Rather, some people suffering from imposter syndrome might stop themselves from applying for the next promotion or the project that they truly want. Others might become a workhorse, thinking that if they only put all of the hours in then they might be ‘enough’.

So there are also behaviours that you can look out for. 

2. Providing support for employees to open up

If feelings aren’t discussed in the workplace, then shame is definitely a taboo subject. However, as shame thrives on secrecy, it is talking about it that can help us through it. 

It’s your role as an HR professional to provide the connections which will enable employees to open up about this.  Key contacts could be female mentors, buddies (e.g. pairings of women returning to work post maternity) or a coach. It is important that this is tackled within the context of a trusted relationship.

3. Encouraging critical awareness

Practicing critical awareness means being honest with yourself about what is really going on. 

Line managers, HR and other supportive individuals can encourage employees to be honest about their achievements and successes. I found that in appraisals some of the least confident employees struggled to ‘own’ their achievements.

It is worth spending some time going over what has been achieved, rather than just what lies ahead.

Imposter syndrome is an internalized phenomenon.

As an HR professional, you can do all of the above but then the individual really then needs to put in the work to move past it.

There are also workplace cultures, however, in which Imposter syndrome, shame and perfectionism can thrive and you can be part of shifting that culture.

4. Creating a workplace culture in which employees can step in to leadership

Embracing uncertainty is a huge part of overcoming imposter syndrome and also of stepping in to leadership.

Peter Drucker stated that “management is doing things right; leadership is doing the right things”. 

Employees stuck in a cycle of perfectionism, having to cross off everything off the ‘to do list’ and constantly pleasing everyone around them are likely to stay in a management position.

And it is true that some workplace cultures encourage that of their employees.

But stepping in to leadership means letting go of certainty, completion and being liked, and embracing something a little less defined.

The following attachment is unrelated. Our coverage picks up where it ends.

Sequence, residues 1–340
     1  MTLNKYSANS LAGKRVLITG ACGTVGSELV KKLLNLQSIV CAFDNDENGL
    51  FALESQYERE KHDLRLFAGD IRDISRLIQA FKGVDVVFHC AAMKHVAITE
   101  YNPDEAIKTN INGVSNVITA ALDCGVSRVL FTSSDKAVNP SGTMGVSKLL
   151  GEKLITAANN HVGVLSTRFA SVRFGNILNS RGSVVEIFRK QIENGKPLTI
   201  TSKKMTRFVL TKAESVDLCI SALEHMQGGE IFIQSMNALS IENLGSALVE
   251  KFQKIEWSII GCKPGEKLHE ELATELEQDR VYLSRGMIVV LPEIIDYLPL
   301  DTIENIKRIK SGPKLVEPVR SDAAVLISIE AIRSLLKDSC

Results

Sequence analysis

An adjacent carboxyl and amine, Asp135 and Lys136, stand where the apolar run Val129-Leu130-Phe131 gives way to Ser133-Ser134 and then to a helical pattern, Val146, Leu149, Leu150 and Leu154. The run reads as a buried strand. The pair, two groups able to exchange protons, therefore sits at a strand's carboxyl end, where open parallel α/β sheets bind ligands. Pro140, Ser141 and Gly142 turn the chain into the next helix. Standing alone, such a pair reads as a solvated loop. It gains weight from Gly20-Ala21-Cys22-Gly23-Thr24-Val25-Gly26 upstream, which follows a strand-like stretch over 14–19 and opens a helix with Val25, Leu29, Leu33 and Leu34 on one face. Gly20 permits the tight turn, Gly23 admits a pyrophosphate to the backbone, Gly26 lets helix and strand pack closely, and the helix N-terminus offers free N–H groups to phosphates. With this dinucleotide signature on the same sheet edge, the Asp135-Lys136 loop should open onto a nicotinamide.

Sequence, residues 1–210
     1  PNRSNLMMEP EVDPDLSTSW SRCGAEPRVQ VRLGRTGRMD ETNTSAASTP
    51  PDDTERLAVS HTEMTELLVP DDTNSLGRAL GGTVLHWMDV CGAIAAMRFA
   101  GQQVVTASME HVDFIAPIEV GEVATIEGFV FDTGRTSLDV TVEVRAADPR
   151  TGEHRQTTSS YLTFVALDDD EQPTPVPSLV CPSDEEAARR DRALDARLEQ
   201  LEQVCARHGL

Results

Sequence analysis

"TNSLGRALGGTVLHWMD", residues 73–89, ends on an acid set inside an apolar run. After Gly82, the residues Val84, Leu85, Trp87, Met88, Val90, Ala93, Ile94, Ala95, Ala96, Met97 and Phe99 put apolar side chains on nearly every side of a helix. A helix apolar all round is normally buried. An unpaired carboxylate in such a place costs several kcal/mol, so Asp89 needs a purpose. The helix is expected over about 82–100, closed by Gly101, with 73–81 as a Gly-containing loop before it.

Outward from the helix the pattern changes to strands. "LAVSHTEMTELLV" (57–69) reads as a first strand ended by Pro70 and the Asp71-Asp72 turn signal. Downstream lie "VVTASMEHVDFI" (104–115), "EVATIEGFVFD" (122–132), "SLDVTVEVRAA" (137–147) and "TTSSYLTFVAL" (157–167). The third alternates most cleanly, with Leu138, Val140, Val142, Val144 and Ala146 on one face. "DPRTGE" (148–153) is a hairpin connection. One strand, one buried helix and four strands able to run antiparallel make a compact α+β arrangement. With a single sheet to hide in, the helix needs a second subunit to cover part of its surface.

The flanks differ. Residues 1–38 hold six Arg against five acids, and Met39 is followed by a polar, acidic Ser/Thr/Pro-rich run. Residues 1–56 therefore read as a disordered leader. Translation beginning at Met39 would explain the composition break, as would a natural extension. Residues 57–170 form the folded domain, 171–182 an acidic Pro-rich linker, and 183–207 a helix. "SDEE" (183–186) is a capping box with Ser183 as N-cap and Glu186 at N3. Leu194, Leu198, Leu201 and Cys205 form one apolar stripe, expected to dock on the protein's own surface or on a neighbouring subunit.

Ask yourself – does your workplace culture value creativity and innovation? If so, it must also value uncertainty and not knowing. Are failures held up as an example of having pushed the boundaries or are they criticized? Is the space held for employees to think about the right thing to do, rather than always getting things right? 

Sharing experiences

As a leader, it is sometimes through our openness about our own struggle that we can make our biggest impact.

A female chief executive officer of a large advertising agency said publically, when she was offered the role, that she felt nervous and she had loads to learn. It’s hard to imagine many men doing that.

But, more importantly, in one sentence she made it possible for every single employee in that company to step out of their comfort zone, to move beyond their imposter syndrome, and go for it. For me, that is the epitome of leadership.

The question now is – as an HR professional how will you step in to your own leadership in a way that supports employees and encourages them to bring their best self in to the workplace? 

How will you choose the right thing to do?

This article is part of our in-depth content series on women in the workplace – take a look at the full list of articles today and increase your knowledge of a range of issues relating to women in the workplace, including sickness absence, impostor syndrome and mental health.

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Roxanne Hobbs

Founder of The Hobbs Consultancy

Read more from Roxanne Hobbs